Fortnite producer, Epic Games, publicly criticized Apple on Friday, following the rejection of its latest proposition for an alternative iOS App Store by the smartphone manufacturer. The firm stated on X that this rejection was triggered after Apple argued that the design of Epic’s app marketplace closely mirrored its own.

This ruling follows Epic’s endeavor to present an iOS version of the Epic Games Store last week, a move that would enable iPhone and iPad users to obtain games on their devices without visiting the Apple App Store.

On Friday, Epic stated in a release on X that Apple’s refusal was capricious, obstructive, and in breach of the DMA (Digital Markets Act), adding that its concerns had been communicated to the European Commission. Elka Looks, spokesperson for Epic, informed WIRED that Apple had rejected Epic’s Game Store notarization submission—where apps are submitted for evaluation by the firm—twice in the previous week.

The case is part of a broader dispute over who has authority over the applications accessible to hundreds of millions of individuals. In a setback for the U giant, Apple has been mandated by the Digital Markets Act, new EU regulations, to permit substitutes to its branded app marketplace on European iPhones and iPads since March.

Apple’s Application marketplace


Courtesy of Apple

Epic’s proposed alternative app store submission


Courtesy of Epic

“Apple has turned down our Epic Games Store notarization submission two times now, alleging that the appearance and location of Epic’s ‘Install’ button resembles Apple’s ‘Get’ button too much and that our ‘In-app purchases’ tag strongly resembles the App Store’s ‘In-App Purchases’ tag,” the corporation stated.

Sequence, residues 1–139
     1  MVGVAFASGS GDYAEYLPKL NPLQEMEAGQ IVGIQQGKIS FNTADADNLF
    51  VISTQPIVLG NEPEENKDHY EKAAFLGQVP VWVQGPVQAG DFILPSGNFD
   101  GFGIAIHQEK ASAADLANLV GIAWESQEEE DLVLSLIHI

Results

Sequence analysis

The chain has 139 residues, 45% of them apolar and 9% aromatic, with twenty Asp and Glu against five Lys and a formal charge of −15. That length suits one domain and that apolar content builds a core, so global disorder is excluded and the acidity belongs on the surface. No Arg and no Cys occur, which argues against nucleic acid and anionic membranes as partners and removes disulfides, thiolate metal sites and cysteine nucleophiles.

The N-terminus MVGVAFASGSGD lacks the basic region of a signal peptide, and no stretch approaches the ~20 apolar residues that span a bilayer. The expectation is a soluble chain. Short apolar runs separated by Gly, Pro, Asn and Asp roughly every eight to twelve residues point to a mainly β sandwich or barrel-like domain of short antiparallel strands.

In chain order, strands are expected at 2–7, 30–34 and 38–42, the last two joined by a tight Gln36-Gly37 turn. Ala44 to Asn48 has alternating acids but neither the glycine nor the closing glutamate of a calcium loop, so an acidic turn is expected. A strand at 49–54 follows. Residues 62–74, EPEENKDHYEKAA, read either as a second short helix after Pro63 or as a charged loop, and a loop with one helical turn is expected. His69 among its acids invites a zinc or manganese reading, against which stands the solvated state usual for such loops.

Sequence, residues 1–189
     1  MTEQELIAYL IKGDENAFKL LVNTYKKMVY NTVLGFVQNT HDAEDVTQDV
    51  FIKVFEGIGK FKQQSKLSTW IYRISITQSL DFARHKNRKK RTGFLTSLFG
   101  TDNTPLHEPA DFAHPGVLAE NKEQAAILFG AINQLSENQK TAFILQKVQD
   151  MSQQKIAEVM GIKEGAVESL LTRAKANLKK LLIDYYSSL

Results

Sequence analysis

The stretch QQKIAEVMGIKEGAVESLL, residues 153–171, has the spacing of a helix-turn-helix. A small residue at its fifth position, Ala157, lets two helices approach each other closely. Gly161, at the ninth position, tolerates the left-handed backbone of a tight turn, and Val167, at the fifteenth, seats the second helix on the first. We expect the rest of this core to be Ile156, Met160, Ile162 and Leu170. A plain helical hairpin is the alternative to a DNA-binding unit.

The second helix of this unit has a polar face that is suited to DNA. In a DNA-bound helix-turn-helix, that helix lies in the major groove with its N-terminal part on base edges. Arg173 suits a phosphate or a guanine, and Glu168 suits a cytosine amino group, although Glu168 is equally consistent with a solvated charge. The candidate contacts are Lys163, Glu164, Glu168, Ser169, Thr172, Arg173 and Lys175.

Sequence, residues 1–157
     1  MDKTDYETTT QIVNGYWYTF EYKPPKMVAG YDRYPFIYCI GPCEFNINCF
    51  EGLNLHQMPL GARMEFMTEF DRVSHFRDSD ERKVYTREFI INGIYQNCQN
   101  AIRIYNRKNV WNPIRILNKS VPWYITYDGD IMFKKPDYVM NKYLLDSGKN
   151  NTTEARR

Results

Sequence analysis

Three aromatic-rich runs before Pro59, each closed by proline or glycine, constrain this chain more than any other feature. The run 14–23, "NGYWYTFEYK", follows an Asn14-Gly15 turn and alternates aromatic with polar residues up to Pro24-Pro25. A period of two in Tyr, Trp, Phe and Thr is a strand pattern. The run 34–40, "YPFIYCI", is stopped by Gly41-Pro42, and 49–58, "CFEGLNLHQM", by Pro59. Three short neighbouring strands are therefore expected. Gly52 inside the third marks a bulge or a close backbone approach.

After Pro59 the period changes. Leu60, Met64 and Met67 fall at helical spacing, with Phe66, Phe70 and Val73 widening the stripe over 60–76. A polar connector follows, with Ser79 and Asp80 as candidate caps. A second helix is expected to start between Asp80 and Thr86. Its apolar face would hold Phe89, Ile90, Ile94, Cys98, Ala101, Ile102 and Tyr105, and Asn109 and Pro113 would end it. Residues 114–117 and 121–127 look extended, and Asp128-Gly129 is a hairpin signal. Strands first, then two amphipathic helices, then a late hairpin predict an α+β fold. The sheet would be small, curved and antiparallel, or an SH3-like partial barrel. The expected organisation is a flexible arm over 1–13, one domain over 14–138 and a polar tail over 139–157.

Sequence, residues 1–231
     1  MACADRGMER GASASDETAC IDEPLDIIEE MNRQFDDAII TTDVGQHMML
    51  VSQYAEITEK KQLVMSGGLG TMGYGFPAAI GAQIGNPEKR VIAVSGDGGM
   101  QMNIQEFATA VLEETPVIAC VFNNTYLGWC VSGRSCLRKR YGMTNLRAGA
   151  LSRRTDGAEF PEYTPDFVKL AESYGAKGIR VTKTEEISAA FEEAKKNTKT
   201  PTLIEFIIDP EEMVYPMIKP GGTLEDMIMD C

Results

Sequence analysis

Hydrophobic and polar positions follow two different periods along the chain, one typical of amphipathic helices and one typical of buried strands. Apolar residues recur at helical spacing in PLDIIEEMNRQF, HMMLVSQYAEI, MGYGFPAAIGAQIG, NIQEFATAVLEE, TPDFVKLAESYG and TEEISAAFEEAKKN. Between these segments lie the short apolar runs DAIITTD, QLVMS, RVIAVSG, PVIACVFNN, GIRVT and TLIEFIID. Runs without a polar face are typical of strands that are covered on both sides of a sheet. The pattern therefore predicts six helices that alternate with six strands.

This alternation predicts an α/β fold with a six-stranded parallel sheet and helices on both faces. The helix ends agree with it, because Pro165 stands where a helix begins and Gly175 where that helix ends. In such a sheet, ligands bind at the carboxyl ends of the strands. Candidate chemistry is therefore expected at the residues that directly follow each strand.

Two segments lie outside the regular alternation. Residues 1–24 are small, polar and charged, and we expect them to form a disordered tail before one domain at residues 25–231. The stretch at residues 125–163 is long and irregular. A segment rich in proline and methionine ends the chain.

Epic clarified that their nomenclature mirrored Apple’s because they aimed to establish a store that mobile users could effortlessly comprehend. Apple did not respond to WIRED’s request for remarks.

There are over 100 million people utilizing Apple’s App Store in the EU. The introduction of the Epic Games Store would, for the first time, present these users with a choice of where to download applications.

This moment is eagerly anticipated by legislators who argue that the technology behemoths are stifling competition by impeding rivals’ access to their clients. “The establishment of an alternative app marketplace within the Apple system would serve as tangible evidence that the DMA can foster competition and, thus, reduce prices for consumers,” Andreas Schwab, a European Parliament member who helped negotiate the DMA, told WIRED.

Epic and Apple have been adversaries for a long time. In 2020, Epic lodged a lawsuit against Apple in California, alleging that the corporation’s dominance in the iOS market was “unreasonable and illegal.” Apple emerged largely victorious from the US case. Nevertheless, in Europe, Epic has joined a vocal cluster of developers incensed about the influence they believe Apple’s App Store wields over their enterprises and the fees the corporation levies on in-app transactions.

“Apple is holding app providers hostage like the Mafia,” Matthias Pfau, CEO and cofounder of Tuta, an encrypted email service, informed WIRED earlier this year. Epic’s proposition for an alternative app store represents a pilot case for the potential emergence of other alternative app stores that could reshape the dynamic between Apple and developers.

The Epic Games Store is presently accessible on PC, Mac, and Android but not on Google Play. Nevertheless, the company intends to persist in pursuing authorization for its iOS version, stating: “Except for any further obstacles from Apple, we are prepared to debut the Epic Games Store… on iOS in the EU in the coming months.”